Monday, June 17, 2013

Blooming to Home

I know that it has been a long while since I last posted to my blog. However, life has been getting in the way, and it has been a struggle to find the “divine urge” to write. I am too positive a person to want to write without some inspirational tone flowing through the words. Yet, I fear that I am missing out on valuable “teachable moments,” due to my reluctance to share frustrations concerning my beloved profession.

Moving 4,737 miles across the country has been stressful, exciting, interesting and a struggle at times. However, I know that where there is rain the rainbow always follows.  So, I remain positive and steadfast knowing that the Lord has already worked everything out for my family and I.  So, adjusting and taking one day at a time has become infused into my motto of; “bloom where you are planted.”

Yet, blooming can be hard to do when the soil you find yourself transplanted into is harsh, full of pesky, life-consuming insects, and the greenhouse dictators try to change or break the very soul, spirit and color of the bloom.  I know that I am wilting even as I try to strive on the little nutrients that make each day worth it.  However, what do you do when you find that the top soil is the only nutrient rich material, and that once that is blown away in the wind, all that is left is sand that does not allow roots to take hold?  Do you try harder to implant yourself into that soft and gritty substance? Do you reach out to store up any rain and food from the sunlight to remain strong enough to work your roots into the system? Or do you daydream about the rich, black, nutrient infused soil that you once knew, and still love?

Well, I never believe you can just give up. However, is learning where you do not want to be in life any less significant than understanding how to survive in any climate or culture? Acclimating and becoming accustomed to the “new” can be difficult, and I believe it takes time to adjust. Yet, I have since learned that knowing no matter how acclimated you have become to a situation does not mean you have to make it a custom or cultural change in your life.  Sometimes the greatest lessons in life are learned through the realization that this is not what you desire, and less about trying to find a way to “make it work.”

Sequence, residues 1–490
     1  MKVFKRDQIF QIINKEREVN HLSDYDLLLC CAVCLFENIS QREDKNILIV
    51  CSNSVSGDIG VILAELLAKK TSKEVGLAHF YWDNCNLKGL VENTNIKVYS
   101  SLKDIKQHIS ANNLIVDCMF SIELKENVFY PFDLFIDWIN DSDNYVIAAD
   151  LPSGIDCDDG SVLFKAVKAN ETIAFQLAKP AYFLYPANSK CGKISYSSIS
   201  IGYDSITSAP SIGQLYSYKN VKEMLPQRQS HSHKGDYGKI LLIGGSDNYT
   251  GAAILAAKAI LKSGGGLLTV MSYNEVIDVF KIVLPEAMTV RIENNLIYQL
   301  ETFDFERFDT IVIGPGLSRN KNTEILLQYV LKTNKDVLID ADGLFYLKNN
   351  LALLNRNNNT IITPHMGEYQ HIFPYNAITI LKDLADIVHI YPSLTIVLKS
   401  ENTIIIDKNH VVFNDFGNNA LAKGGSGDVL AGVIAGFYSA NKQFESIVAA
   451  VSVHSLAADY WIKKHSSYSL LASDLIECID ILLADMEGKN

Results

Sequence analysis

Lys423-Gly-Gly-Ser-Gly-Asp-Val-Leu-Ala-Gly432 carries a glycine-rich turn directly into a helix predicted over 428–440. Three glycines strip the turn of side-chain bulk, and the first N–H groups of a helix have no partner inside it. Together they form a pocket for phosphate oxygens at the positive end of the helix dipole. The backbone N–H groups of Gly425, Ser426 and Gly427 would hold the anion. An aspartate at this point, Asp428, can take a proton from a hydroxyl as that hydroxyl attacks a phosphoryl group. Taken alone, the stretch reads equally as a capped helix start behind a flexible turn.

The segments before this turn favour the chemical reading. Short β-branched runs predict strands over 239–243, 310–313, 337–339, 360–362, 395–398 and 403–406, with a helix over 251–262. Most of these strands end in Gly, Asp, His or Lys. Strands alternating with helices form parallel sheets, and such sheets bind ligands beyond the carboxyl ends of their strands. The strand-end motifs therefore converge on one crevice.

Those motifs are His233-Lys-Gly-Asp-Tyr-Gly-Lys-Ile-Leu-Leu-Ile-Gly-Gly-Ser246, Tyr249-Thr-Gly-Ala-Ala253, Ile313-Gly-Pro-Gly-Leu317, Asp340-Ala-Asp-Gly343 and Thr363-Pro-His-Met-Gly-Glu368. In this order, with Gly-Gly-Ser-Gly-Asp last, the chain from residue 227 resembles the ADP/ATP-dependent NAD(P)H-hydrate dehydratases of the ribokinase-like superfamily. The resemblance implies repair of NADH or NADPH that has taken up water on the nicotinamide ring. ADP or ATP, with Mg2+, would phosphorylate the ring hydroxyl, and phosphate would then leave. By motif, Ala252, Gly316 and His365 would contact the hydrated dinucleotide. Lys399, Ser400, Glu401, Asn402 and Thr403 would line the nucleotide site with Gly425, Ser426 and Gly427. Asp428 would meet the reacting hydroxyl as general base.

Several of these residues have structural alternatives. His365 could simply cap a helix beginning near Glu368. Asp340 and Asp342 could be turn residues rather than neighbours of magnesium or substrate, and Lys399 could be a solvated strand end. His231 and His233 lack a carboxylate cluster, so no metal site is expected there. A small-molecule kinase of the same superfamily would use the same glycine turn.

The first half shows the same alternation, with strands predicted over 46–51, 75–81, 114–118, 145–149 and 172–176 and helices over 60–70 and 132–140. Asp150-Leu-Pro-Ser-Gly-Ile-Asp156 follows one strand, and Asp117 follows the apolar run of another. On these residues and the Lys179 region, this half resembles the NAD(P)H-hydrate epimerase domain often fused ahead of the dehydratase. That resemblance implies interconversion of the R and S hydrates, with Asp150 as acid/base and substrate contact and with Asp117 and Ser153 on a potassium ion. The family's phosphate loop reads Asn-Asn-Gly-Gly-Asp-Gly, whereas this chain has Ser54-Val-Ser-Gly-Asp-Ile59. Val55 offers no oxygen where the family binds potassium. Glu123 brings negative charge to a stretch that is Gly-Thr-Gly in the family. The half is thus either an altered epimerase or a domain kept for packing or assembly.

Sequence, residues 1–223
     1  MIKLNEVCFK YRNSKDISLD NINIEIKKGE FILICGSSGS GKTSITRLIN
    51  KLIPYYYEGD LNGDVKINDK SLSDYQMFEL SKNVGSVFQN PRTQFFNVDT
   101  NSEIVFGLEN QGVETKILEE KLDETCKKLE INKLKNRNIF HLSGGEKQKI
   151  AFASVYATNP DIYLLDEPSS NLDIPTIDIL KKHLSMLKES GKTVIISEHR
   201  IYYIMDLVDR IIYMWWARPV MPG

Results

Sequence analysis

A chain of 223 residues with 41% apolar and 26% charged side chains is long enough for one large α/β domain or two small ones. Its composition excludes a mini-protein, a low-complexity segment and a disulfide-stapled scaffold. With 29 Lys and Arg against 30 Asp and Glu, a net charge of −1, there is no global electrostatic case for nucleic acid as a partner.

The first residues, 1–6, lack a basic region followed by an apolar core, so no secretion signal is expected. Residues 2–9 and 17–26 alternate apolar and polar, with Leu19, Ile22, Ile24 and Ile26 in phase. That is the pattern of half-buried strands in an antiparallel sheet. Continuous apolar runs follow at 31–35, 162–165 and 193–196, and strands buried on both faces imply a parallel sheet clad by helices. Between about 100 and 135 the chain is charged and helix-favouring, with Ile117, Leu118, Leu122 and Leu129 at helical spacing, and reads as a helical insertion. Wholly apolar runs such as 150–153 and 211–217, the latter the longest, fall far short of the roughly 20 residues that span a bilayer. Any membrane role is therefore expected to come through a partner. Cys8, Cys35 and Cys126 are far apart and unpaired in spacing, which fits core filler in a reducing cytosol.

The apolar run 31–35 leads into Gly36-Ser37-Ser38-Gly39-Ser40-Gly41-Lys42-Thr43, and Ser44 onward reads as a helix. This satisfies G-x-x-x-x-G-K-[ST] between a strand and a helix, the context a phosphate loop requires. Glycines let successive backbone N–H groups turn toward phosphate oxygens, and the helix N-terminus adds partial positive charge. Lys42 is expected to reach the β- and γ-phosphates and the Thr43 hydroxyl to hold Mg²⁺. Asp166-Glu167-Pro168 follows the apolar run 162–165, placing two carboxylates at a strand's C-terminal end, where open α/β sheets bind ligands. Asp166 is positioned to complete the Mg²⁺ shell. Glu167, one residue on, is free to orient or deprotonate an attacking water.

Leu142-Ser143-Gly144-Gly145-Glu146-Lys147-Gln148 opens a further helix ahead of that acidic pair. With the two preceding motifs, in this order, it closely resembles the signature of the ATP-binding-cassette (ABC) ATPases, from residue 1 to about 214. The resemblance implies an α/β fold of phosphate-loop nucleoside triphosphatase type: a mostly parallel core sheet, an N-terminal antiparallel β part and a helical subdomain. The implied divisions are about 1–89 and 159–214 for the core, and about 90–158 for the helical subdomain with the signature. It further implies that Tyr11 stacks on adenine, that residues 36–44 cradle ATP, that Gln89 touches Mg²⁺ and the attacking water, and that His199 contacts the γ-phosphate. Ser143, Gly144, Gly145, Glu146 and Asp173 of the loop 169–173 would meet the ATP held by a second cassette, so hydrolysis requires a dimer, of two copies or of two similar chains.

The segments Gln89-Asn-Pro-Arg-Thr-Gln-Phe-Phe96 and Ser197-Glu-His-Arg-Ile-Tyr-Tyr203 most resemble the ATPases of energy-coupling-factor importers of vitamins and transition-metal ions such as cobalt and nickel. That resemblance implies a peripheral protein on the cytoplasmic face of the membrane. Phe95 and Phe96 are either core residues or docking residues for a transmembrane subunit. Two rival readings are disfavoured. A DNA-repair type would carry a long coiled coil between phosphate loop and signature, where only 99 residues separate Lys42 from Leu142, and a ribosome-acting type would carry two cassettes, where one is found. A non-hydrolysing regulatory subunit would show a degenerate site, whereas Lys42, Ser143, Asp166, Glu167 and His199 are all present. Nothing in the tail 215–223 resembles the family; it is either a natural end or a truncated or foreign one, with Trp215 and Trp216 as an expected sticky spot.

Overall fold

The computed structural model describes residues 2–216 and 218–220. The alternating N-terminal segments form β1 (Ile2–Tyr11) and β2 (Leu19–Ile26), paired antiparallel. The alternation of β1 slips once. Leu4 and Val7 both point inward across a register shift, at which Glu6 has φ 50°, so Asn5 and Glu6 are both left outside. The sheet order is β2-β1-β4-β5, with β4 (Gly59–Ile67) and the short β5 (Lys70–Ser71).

So, while acclimating to Florida and the new school system, I have learned many valuable lessons. Lessons, which I cannot ignore because they will destroy my bloom and will impede the growth of the beautiful plants my children are becoming.  Therefore, we are pulling up our non-rooted lives and going to a place we call home. A place where there are less populated flowerbeds, and more open spaces to thrive. A place where our roots have been established and where we are ready to slide back into the familiar, the quiet, and the loving embrace of many careful and attentive gardeners. 

We have taught our children how to adapt, embrace change, and learn from each new experience. We have given them wings to fly, but now we are going to give them roots to plant their cultured hearts. So, in the future, when they go out to spread their wings, they will always know there is a place called “home.” 

I will be teaching 4th grade at Cardinal and Gavin is the Director of Medical Simulation at the College of Medicine at Des Moines University. Our children are beyond excited to be back in Iowa and away from Florida. They are less inclined to give a positive reflection of Florida than I, so they are bubbling with joy to be "home."  We are searching for a house, and praying God knows how blessed we feel to have His shining love light our path. We hope to continue to bloom and make room for many years of gracious gardening. Thank you Lord for teaching us how to fight through the drought and showing us when it was time to replant.